“Frank Fowler, Jr.: The Desert Was My Teacher” opens with a 1st Friday Artist’s Reception May 3rd, from 5-8 p.m. and features an Artist Talk at 6:15 p.m. that evening; the exhibition unveils the newest paintings of this accomplished Navajo artist. Fowler learned to mix colors as a child, working with a watercolor kit his mother brought him from a gas station. Now an accomplished Contemporary artist, Fowler's acrylic paintings represent the Navajo culture and land he's been immersed in his whole life. “Right now,” he notes, “I'm painting Navajo culture, local landscape back home - northwestern Arizona. And I do realism, impressionist and abstracts. Modern and contemporary.” A diverse artist, Fowler has nevertheless always stayed with his own way of mixing colors and with his own application methods. He rarely uses any photo references: “My works come from my own visions, what I have seen or witnessed,” he notes. “I'm still approaching [canvases] my own way and every canvas I work on teaches me more [about] mixing my own colors.”
His was a very traditional upbringing and this energy feeds into each canvas by Frank Fowler, Jr. “I'm just grateful that my Dad used to take me to the winter Yei Bi Chei ceremonies as a child. I remember the Yei, Water Sprinkler, came over to us by the bonfire; we were covered in blankets to keep warm, snow gently falling. Water Sprinkler, whooping, doing his antics, sprinkled snow on me with the fox tail. I remember the snowflake crystals coming down on me - I was blessed.”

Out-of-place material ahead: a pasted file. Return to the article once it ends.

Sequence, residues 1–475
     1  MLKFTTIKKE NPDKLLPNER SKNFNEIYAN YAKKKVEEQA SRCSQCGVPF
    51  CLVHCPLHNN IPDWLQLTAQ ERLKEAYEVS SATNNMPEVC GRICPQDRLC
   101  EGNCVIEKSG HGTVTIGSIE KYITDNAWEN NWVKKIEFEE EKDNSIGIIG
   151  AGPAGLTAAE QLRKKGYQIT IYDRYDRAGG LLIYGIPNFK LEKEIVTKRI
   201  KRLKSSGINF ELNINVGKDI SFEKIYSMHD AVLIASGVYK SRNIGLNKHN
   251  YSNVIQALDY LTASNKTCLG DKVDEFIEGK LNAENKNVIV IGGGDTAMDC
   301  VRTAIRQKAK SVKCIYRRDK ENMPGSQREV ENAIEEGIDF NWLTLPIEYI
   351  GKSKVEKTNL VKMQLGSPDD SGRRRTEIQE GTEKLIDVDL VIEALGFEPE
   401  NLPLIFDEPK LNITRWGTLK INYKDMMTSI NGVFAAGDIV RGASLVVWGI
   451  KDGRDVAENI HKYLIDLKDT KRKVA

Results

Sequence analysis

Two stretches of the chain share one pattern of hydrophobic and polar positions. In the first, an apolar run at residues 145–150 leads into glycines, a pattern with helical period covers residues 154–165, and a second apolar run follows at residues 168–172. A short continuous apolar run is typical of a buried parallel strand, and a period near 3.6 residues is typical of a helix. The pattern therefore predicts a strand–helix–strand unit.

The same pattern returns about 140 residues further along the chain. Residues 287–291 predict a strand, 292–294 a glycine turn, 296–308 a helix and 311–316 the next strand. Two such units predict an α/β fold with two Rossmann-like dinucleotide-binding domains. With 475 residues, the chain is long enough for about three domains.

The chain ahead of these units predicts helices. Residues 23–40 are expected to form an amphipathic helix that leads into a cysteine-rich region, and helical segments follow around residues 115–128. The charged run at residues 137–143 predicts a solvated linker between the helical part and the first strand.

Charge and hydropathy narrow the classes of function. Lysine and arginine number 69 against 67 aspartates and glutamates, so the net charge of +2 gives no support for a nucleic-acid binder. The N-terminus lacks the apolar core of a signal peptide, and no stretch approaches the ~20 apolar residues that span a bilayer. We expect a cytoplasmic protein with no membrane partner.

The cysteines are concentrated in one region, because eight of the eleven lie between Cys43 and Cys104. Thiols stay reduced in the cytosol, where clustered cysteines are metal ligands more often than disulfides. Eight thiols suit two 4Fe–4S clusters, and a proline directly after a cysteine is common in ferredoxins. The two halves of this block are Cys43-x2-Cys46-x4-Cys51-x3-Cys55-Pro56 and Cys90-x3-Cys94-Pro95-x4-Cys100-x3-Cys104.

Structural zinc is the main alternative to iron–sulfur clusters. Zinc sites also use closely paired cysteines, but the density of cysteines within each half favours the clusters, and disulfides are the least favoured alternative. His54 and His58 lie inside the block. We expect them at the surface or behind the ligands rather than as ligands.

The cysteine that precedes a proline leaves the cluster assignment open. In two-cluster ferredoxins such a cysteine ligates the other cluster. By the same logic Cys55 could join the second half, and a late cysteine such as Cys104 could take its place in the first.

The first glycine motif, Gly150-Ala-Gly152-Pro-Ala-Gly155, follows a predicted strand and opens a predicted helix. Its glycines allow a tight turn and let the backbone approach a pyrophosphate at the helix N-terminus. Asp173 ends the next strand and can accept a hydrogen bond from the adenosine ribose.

The first year Frank Fowler, Jr. exhibited, in 2006, he won a Best of Show and 1st place ribbon from The Gathering, an invitation-only showcase for top Native American artists in Litchfield Park, AZ. That same year he won Best in Division and 1st place at the Heard Museum Indian Market in Phoenix. He has since accumulated "a box full of ribbons" at all the top Indian markets and Southwest museums.
The exhibition runs through May 19th.